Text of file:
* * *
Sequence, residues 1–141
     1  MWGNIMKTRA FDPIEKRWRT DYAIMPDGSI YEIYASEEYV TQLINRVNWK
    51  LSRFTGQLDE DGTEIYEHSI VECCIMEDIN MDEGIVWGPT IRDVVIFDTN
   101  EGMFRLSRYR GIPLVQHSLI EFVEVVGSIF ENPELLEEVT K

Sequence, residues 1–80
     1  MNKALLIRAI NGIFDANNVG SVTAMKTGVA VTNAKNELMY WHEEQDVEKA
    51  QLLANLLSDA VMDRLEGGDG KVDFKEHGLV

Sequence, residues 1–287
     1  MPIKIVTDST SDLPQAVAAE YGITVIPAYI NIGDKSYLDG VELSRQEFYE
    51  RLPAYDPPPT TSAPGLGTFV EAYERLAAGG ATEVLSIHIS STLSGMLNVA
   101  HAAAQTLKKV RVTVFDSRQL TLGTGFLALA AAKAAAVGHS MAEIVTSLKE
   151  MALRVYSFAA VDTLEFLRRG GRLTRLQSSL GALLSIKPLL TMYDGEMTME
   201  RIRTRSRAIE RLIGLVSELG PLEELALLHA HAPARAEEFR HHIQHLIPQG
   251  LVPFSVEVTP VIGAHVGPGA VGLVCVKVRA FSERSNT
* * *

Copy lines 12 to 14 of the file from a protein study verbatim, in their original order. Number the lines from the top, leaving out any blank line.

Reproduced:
   151  MALRVYSFAA VDTLEFLRRG GRLTRLQSSL GALLSIKPLL TMYDGEMTME
   201  RIRTRSRAIE RLIGLVSELG PLEELALLHA HAPARAEEFR HHIQHLIPQG
   251  LVPFSVEVTP VIGAHVGPGA VGLVCVKVRA FSERSNT